Two Men Arrested For Conspiring to Help Terrorists
Posted: June 3, 2005
Two men, who federal authorities say wanted to turn an empty warehouse in the Bronx into a training camp for would-be Al Qaeda terrorists, were ordered held without bail following their arraignments last month in Florida and New York.
Tariq Shah, 42, and Rafiq Sabir, 50, both U.S. citizens, are charged with conspiracy to provide material support to Al Qaeda. Neither defendant entered a plea at their federal court appearances on May 31.
According to the criminal complaint unsealed in Federal District Court in Manhattan, Shah, a Bronx musician and martial arts expert, sought to train Al Qaeda members in hand-to-hand combat. The complaint also alleges that Sabir, a former New York doctor who moved to Boca Raton in 2002, wanted to provide medical assistance to terrorists.
In the course of the two-year investigation, which began when Shah and Sabir started meeting with an undercover agent posing as an Al Qaeda operative to discuss how they could help Al Qaeda, authorities recorded numerous telephone conversations between the two men, according to the complaint.
During a May 20 meeting in the Bronx, according to a statement released by federal officials, Shah and Sabir allegedly pledged their allegiance to Al Qaeda, committing themselves to “the path of the Holy War, to the oath of secrecy, and to abide by the directives of Al Qaeda and its leaders.”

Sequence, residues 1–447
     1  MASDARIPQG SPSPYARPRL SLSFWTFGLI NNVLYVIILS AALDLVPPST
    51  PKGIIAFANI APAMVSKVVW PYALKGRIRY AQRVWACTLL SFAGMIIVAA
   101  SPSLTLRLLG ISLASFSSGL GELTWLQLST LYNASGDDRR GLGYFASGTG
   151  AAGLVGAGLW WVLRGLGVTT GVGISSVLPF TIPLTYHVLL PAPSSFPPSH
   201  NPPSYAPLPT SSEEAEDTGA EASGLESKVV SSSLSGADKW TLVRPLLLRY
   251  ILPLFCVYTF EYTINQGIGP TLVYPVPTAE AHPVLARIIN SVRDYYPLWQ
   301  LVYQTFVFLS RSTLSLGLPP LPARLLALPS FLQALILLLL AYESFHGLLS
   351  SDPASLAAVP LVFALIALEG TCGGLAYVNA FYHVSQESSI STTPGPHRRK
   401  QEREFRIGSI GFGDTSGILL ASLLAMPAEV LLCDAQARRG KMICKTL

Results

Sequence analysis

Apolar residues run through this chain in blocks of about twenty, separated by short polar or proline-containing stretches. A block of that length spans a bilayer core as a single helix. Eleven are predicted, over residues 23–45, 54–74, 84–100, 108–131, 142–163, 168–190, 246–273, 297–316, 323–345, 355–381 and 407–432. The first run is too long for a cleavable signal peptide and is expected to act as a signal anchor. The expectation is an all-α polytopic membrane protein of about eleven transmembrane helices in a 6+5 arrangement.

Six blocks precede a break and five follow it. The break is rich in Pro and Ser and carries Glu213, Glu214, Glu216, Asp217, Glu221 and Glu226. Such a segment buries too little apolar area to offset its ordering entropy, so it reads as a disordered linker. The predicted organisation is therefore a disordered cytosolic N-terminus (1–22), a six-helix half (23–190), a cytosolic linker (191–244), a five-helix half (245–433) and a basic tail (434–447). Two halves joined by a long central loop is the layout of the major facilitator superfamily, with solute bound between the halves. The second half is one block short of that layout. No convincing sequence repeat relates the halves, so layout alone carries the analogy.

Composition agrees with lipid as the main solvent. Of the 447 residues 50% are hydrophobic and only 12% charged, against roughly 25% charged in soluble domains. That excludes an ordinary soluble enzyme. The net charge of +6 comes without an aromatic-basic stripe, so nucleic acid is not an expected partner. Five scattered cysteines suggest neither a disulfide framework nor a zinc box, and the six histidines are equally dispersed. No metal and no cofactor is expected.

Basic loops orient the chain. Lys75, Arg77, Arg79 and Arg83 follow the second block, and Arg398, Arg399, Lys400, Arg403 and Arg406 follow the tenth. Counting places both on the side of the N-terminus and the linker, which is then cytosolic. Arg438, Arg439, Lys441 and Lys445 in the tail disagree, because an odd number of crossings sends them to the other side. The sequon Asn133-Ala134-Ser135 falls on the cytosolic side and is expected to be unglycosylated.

FBI agents videotaped Shah and the informant visiting a Long Island warehouse, allegedly to see if it could be used as a possible terrorist training camp, according to court documents. The documents further claim that Shah discussed opening a martial arts school to train Muslims in the use of chemicals, explosives, firearms, AK-47 assault rifles and hand grenades.
Court documents also claim that Shah met Sabir when Sabir attended Columbia University’s medical school and that both men were kicked out of a Bronx mosque after they tried to teach urban warfare in the mosque.
Sabir vowed to treat wounded Jihadists in Saudi Arabia, where he was scheduled to fly on June 2 prior to his arrest, officials said.
Both men face a maximum sentence of 15 years in prison and a fine of up to $250,000 if convicted.